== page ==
PORTLAND — In a city with an embarrassment of food riches, what’s one more market?

“We have a lot of great restaurants and farmers markets, but this is the missing piece,” Mayor Michael Brennan told a crowd assembled in the future home of Portland Food Co-op on Monday.

After years of hopscotching between storefront and warehouse, and acting as a buying club, the member-owned cooperative is leasing 5,000 square feet at 290 Congress St. for a public market.

When it opens in September, Portland Food Co-op will add 20 jobs and sell produce and goods from more than 100 Maine farmers and producers.

The market will be located in a strip mall currently anchored by a Rite-Aid and owned by the Roman Catholic Diocese of Portland. The lease terms were not disclosed.

The new market is touted by local food advocates as essential to maintaining a healthy food system.

“This is a way to revitalize the economy in a just, fair way,” said Sam May, a board member of Maine Organic Farmers and Gardeners Association, who spoke at the event.

The co-op has 616 member-owners who have equity in the business. Membership comes with a one-time $100 investment. Owners pool their money to buy goods from a network of Maine farmers. Without a storefront, they have kept a low profile. Since its inception in 2007 members have been searching for a space. A physical presence will help them expand their reach and strengthen the buy-local movement, they say.

Though companies such as Whole Foods Market and Hannaford Supermarkets sell local products, community-owned markets keep their prices competitive because they are not solely focused on making a profit.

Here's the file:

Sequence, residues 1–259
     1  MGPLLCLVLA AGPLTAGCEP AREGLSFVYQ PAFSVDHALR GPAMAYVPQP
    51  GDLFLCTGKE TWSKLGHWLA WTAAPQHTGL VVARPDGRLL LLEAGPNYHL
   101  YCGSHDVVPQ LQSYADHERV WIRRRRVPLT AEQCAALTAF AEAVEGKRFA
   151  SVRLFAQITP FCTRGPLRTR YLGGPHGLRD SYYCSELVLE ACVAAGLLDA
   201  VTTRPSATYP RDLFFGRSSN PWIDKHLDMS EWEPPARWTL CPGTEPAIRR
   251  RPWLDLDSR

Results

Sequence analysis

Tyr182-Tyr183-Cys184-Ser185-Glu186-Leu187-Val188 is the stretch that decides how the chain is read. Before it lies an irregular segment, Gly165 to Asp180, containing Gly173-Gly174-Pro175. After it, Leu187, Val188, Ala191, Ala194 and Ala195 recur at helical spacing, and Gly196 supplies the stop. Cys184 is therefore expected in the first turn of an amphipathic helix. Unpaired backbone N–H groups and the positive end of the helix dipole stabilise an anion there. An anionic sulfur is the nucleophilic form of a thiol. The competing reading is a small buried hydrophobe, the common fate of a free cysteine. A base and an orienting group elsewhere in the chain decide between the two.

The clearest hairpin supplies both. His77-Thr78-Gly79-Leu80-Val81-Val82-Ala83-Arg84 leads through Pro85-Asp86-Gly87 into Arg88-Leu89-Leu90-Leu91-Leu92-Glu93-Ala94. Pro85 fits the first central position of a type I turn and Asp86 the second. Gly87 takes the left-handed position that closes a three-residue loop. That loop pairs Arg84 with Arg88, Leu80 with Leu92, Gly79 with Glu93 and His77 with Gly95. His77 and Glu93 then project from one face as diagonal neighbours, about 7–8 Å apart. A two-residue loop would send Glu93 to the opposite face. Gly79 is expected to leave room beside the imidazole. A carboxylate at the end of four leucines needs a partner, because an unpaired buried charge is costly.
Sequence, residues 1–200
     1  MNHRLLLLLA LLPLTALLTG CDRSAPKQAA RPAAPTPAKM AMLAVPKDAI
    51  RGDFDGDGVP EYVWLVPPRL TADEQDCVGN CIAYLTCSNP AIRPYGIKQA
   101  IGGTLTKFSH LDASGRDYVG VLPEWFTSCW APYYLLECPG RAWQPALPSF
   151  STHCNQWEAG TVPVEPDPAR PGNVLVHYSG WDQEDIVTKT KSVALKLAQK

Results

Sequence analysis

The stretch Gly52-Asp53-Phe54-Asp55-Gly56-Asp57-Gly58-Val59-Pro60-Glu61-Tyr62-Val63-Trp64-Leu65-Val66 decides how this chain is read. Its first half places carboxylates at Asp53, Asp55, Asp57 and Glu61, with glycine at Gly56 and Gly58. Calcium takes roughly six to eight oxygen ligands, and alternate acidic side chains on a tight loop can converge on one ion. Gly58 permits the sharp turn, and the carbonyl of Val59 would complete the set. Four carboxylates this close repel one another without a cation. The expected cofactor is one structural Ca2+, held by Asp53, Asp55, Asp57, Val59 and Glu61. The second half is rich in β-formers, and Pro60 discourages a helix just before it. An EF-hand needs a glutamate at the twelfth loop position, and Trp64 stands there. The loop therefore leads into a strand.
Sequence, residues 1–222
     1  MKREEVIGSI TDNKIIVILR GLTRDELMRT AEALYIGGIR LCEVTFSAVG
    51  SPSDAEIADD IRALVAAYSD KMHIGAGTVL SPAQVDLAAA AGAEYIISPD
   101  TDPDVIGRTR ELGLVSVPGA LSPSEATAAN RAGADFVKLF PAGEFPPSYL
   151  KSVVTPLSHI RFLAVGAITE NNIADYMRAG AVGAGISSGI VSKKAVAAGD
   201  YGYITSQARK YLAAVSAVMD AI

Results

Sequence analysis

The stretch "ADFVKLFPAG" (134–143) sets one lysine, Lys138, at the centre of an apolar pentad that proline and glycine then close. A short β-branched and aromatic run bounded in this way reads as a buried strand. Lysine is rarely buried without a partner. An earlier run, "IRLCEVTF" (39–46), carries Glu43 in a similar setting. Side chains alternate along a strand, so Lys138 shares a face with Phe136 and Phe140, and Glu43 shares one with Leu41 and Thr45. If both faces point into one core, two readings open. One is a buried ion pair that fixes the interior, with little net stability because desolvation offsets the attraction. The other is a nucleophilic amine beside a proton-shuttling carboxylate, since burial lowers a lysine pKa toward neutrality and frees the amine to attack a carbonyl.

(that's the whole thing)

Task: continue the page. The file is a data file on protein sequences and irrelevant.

“Our goal is not to maximize profits. We are after the triple bottom line, which is financial, environment and community,” said Rachelle Curran Apse, project manager for the store front. “We will have a wider variety of local food, wider than all of the competitors.”

They plan to carry local, natural and organic products from meat to ice cream to coffee to beer and wine.

This fall the co-op received approval for a $330,000 loan from the Cooperative Fund of New England and launched a campaign to recruit more members. They hope to attract 800 more for a total of 1,400 members to ensure the store’s success.

Total startup costs for the co-op, which operates “somewhere between a nonprofit and a for-profit,” said Curran Apse, is $1.25 million. They have raised just less than $500,000 from the fund and membership loans.

Farmers like Sarah Wiederkehr of Winter Hill Farm in Freeport say the co-op will help their bottom line, too. When the market opens, she anticipates selling more cheese and yogurt and adding new items to her retail line. “The way it’s set up now is not sustainable,” she said of the buying club. “This will give us more visibility.”

By offering a bounty of local products in a full-scale market, the co-op can do more than please city dwellers. Brennan rattled off a statistic of which he is not proud: Maine “imports 80 percent of our food and that makes us food insecure,” he said.

The market will help provide “healthy food and reduce our carbon footprint and make us food secure,” said Brennan, who recently became a member.

The co-op can also play a role in the city’s campaign to serve locally produced food in public schools. It’s now 30 percent and when the co-op opens, he hopes that number will jump to 50.

Though tiny by supermarket industry standards, Portland Food Co-op will have an impact in the marketplace.

Michael Norton, Hannaford Supermarkets’ director of external communications, views the co-op as a competitor, but says the more local food is touted, the better.

“Development of the local food economy is usually good for everyone who sells fresh food. It supports people making more meals at home,” he said in an email. “It potentially strengthens the network of growers and specialty food makers that we rely on for our close-to-home items.”

Beyond sales, a co-op is traditionally much more than a store. Located in a plaza with a large parking lot, near a bus stop and between the Old Port and Munjoy Hill, “we are excited about making it a community place where people can come together,” said board president Daniel Ungier.

“It’s about strengthening and building what it means to be in Portland.”

Kathleen Pierce

A lifelong journalist with a deep curiosity for what's next. Interested in food, culture, trends and the thrill of a good scoop. BDN features reporter based in Portland since 2013.